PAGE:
A reduction in the state’s scope of dominance is certainly a prospect worthy of endorsement, but the public bank could also generate another effect that is in line with libertarian goals: decentralization. It is common knowledge that in 2008 the United States, and the rest of the world along with it, experienced possibly the largest economic crisis since the Great Depression. What isn’t so easily agreed upon is what caused this crisis. The general narrative of the mainstream left is that it was the greed of big-wig bankers and a severe lack of regulations. The opposing narrative on the right is that the blame falls on the Federal Reserve and their manipulation of interest rates and other interference in the economy. A proper left-libertarian analysis combines the sentiments of both and criticizes a lack of accountability in the financial system and centralized economic control. A possible solution to these problems presents itself in financial democracy and cooperation—institutions such as mutual banks and credit unions. As M. George van der Meer writes in “In Defense of Mutual Banking,“ “With the capitalist banking apparatus as it is, crises like that of 2008, will not abate at least not for very long intervals. Capital and credit concentration gives way to complacency in business, to waste, to destitution for the people whose work hours drive industry forward.” The second point on Public Bank LA’s five-point agenda is “Community Development”, a subpoint of which is “Support small businesses and cooperative ownership structures by increasing the lending capabilities of local credit unions and community banks.” If the creation of a public bank in Los Angeles can reduce state power and help decentralize the financial system and the economy in general it deserves endorsement, or at the very least consideration, by libertarians both leftist and otherwise.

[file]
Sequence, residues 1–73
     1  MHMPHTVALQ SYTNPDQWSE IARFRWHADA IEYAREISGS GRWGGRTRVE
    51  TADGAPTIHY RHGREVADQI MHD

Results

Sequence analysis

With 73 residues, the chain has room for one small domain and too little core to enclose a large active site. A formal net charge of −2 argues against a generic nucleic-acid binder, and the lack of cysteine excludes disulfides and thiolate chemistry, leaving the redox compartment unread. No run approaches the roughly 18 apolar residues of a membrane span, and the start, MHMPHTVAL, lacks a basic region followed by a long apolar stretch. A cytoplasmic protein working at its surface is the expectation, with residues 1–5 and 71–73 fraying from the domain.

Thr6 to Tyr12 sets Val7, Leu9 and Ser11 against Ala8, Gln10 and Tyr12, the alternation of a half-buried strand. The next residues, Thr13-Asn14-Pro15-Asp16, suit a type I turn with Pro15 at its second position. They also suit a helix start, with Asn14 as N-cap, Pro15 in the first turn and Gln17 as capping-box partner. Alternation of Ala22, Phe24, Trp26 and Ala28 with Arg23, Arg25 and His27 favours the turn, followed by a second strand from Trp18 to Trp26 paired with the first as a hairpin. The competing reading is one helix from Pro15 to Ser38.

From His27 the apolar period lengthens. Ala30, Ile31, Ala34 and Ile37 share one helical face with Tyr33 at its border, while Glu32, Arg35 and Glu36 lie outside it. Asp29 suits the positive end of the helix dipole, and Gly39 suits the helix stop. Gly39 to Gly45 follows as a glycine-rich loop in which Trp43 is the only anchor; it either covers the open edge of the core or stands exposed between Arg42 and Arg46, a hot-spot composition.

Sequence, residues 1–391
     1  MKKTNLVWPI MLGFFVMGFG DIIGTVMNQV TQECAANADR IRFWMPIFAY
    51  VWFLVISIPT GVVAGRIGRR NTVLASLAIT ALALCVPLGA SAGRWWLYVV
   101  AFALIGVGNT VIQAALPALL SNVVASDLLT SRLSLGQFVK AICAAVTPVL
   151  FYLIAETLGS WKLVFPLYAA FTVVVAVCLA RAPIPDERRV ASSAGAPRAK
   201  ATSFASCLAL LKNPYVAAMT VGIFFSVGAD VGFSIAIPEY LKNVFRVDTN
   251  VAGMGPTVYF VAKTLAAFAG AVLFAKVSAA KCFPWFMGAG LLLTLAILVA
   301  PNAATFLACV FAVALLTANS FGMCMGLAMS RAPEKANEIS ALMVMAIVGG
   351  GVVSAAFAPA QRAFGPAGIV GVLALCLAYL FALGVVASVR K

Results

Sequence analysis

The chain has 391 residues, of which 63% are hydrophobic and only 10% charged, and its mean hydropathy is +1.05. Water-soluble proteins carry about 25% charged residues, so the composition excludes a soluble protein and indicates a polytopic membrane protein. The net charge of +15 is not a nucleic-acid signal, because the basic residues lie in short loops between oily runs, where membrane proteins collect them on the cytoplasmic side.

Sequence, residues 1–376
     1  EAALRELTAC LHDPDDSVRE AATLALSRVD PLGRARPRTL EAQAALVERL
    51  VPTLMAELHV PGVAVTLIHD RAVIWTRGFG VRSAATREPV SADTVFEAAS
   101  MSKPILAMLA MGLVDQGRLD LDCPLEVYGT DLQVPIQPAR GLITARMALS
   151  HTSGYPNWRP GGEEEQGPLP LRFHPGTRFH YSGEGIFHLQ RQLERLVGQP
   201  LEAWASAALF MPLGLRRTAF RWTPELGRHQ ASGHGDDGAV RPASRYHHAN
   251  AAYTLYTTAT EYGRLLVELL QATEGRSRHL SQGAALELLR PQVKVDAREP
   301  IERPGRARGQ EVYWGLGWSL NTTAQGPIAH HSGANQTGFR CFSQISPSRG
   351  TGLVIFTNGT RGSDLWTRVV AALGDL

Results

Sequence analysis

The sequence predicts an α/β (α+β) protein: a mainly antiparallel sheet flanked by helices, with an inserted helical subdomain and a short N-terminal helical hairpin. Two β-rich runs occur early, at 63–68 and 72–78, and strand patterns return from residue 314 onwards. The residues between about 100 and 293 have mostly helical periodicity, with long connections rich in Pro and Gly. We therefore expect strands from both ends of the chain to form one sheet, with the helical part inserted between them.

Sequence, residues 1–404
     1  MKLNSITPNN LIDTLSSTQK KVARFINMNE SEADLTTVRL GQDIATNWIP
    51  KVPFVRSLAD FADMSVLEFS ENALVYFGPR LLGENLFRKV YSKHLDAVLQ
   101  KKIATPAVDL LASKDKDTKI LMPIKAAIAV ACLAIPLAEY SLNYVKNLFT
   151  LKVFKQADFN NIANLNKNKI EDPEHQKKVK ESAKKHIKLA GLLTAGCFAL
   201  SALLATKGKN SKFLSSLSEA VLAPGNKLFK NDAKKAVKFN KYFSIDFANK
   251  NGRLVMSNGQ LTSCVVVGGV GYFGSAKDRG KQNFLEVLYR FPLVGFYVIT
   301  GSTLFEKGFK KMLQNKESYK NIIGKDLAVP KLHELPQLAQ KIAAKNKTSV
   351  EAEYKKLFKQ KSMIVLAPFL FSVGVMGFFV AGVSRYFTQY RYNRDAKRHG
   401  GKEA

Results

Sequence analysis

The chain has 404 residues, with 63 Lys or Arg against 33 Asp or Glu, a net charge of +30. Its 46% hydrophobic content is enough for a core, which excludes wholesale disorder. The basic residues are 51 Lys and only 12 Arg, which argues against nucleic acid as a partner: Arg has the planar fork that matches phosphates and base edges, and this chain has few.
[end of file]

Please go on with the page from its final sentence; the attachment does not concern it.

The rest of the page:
The last point to be made is that there is historical precedent for an anti-statist endorsement of a public bank. I purposefully did not lead with this because to support something simply because those ideologically aligned with oneself have done so is dogmatic. However, it does add merit to the arguments previously stated. Pierre-Joseph Proudhon, as is well known amongst left-libertarians, was one of the very first people to refer to themselves as an anarchist and is generally considered to be the father of anarchism. Proudhon himself was a proud proponent of a public bank, which he referred to as the “Bank of the People.” As Charles A. Dana explains, “The purpose of the Bank of the People is, as we have seen, the emancipation of labor and the consequent establishment of the republic of wealth.” For Proudhon there was no contradiction in advocating for a public bank if its creation struck a blow against state-capitalism, and neither should there be for libertarians today.
There are certainly issues with Charter Amendment B. Creating a public bank could cost taxpayers a hefty sum. The ballot measure lacks details as to how the bank will be overseen and how political interference will be avoided. Making loans at artificially low interest rates, as proposed in Public Bank LA’s five-point agenda, runs the risk of creating economic complications. These problems cannot be dismissed or taken lightly, but they are not confined to a public bank and can easily be applied to any private bank with which LA might choose to do business. Charter Amendment B has the potential to cut back state dominance and decentralize the financial system. It should therefore be openly endorsed by libertarians.
 I am generally an adherent of the socialist exploitation theory of interest and particularly agree with Carson’s point—drawn from Benjamin Tucker’s analysis of the money monopoly—that “the state’s licensing of banks, capitalization requirements, and other market entry barriers enable banks to charge a monopoly price for loans in the form of usurious interest rates.” However, here I acknowledge the more mainstream economic analysis of the matter in an attempt to appeal to center and right libertarians.